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Self-righteous kid-bashing.

Of all the vacuous platitudes to spill forth from punditland, few are more hollow than the solemn announcement that a particular event is "a wake-up call for America." The Los Angeles "riots" were proclaimed such a wake-up call; so were the slayings of two Japanese exchange students in the past year; and so, most recently, have been the murders of tourists in Florida. But as soon as the pundits feel they have done their duty by mouthing this cliche and advancing a series of solutions Joseph Stalin might admire, they hit the snooze alarm and go back to their dreamland where white men in suits, safely sequestered in posh and well-guarded office buildings, are the ones who most deserve our attention.

Here's the typical pattern. An event occurs revealing, once again, the pathological strain of violence in America, made considerably more virulent by the insane proliferation of guns. Next, the media spotlight probes into the dysfunctional nature of the black family, the irremediable barbarism of black youth, and the utter hopelessness of reversing the trend, except for building more jails and hiring more police. Then it's on to asinine predictions about whether Yasser Arafat will or will not be killed by "his own people," or whether the passage of NAFTA will hurt Ross Perot's standing in the polls.

The dismissive--indeed, moronic and often vindictive--coverage of the terrifying rise of violence in America, especially in the lives of our nation's children, is itself nothing short of criminal. The pundits, most of whom are clueless about the status of children in America, spew a lot of superficial blather about "values" and two-parent families while failing to discuss even one concrete proposal that would help prevent kids beset by violence and poverty from turning into murderers.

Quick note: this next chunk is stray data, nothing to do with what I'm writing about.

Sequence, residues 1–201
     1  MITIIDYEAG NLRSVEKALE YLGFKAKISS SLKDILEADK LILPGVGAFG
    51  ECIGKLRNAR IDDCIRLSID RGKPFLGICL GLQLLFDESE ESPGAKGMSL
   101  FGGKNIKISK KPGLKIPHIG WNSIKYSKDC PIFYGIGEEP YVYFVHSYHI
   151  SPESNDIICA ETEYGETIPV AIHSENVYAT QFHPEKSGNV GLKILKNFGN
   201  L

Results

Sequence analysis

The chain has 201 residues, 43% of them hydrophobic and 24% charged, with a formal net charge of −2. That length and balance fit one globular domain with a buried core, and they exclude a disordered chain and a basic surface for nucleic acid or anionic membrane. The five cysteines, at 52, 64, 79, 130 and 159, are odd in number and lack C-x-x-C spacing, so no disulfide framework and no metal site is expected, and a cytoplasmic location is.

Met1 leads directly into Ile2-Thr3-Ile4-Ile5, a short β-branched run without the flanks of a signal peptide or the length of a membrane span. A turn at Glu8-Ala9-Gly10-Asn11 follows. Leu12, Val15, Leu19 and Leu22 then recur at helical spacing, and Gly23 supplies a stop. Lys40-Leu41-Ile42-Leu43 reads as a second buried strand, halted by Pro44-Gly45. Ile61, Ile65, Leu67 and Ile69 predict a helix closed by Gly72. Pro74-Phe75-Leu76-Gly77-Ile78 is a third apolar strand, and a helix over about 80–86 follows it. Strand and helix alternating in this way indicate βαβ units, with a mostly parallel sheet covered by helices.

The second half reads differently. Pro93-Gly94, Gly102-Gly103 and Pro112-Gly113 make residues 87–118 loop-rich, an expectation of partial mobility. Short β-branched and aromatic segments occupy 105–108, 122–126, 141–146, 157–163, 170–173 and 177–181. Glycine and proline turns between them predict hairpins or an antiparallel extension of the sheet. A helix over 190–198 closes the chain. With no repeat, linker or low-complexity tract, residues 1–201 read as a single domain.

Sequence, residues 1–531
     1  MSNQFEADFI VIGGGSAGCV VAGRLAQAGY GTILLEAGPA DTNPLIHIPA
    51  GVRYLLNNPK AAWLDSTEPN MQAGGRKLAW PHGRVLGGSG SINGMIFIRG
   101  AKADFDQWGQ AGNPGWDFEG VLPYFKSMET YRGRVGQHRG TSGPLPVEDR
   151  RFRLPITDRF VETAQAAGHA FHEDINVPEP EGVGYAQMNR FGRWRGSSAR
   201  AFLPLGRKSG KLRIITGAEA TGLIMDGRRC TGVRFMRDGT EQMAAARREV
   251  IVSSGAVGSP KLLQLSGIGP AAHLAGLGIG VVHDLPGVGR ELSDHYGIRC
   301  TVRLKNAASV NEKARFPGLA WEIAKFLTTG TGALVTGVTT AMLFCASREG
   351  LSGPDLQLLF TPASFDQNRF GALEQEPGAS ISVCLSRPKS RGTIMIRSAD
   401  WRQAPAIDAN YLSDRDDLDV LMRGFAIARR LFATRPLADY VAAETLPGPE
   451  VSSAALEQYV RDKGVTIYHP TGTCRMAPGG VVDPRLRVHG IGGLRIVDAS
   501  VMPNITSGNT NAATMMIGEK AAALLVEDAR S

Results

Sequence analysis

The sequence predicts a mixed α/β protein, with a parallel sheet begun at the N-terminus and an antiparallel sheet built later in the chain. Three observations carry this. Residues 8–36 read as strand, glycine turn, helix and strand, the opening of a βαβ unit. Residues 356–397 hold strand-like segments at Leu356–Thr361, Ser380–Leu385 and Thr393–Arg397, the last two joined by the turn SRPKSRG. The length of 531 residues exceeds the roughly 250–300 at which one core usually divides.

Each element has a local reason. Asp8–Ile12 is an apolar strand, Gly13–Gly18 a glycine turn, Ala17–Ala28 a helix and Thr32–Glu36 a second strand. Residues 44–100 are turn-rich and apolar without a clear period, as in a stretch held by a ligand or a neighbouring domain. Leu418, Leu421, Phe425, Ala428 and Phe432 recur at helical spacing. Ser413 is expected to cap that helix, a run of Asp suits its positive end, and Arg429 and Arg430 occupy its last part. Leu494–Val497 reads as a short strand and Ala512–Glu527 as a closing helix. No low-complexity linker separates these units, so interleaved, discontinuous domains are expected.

In the wake of the latest murders in Florida, we see how such coverage urges white America to throw up its hands in despair and support completely reactionary, and often unconstitutional, politics. While emphasizing that black children need safer communities and a sense of hope about their futures, William Raspberry, on Meet the Press, also insisted that "White people cannot reach this group" and that there is nothing the Government can do about the current situation, except for imposing swifter and harsher punishments on youthful offenders.

This Week with David Brinkley devoted an entire show to "the barbarity" of murdering foreign tourists and the rise of "youth violence." Emphasis was on the violence young people commit and not on the institutionalized violence--the barbarity, if you will--that they have been raised with since birth. And a soundbite like "Maybe 80 per cent of these crimes are blacks victimizing whites" only reinforces the racist myth that most black kids are criminals, and completely inverts the real power inequities between the races.

Every guest on the Brinkley show insisted that there was no role for the Federal Government to play in this crisis, but that solutions had to come from individuals and their communities. Yet these same experts urged vaguely that there be more "support" for inner-city families, especially for single mothers. How you "support" young mothers without the Federal Government financing quality low-cost child care, or providing incentives for private investment to create jobs in our inner cities, or making birth control and abortion cheap, if not free, and easily available, is beyond me.